vrijdag 2 januari 2009
Experiment: Amount of water in dough
In August I came up with the idea to start some experiments. In each experiment I will bake the same bread twice, simultaneously, but I alter one condition. My first experiment was about the amount of water in the dough. I made a dough with 60% water, and one with 70% water.
300 g flour
150 g wholeweat flour
50 g rye flour
1,5 tsp salt
3 tbsp glutenpowder (to make up for the shortage of gluten in rye flour)
1,25 tsp instant yeast
0,25 tsp sugar
300 g water en 350 g water, respectively
Mix the dry ingredients in a bowl. Do this twice.
In one bowl stir in 300 grams of water en mix until incorporated.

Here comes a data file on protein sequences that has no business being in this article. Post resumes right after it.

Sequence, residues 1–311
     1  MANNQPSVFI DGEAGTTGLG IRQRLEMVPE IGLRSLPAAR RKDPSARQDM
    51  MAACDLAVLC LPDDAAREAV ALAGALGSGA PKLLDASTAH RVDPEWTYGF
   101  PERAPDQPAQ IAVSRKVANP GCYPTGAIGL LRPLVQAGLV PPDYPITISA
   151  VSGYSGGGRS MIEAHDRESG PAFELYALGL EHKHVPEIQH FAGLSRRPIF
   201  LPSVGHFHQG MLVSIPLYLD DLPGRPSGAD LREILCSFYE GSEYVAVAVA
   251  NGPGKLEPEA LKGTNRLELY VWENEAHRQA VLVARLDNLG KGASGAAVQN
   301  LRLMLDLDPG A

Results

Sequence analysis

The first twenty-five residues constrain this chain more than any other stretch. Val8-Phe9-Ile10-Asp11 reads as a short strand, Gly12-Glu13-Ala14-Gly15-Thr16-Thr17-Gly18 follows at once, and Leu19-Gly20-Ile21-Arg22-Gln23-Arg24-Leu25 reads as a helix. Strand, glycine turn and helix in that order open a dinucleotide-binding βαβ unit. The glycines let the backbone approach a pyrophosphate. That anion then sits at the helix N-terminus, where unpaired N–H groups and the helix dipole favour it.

Do the same with the second bowl, but this time use 350 grams of water.
Knead both doughs 10-15 seconds on a lightly oiled working surface. Let rest for 10 minutes.
Repeat after 10, 10, 30 en 60 minutes. (This is the method described in Dan Lepard's book, The Handmade Loaf.)
Shape and put in a loaf tin. Let rise for one hour (or doubled in size).
Preheat the oven at 220°C. Bake 35 minutes.
At the left is the bread with 70% water, right 60%
Crumb of the bread with 60% water
Crumb of the bread with 70% water
I find that the bread with 70% water has a lighter crumb with larger holes.
It is a slacker dough, so it inclines to spread horizontally, rather than rise vertically.
I prefer the 70% dough, especially when baked in a loaf tin.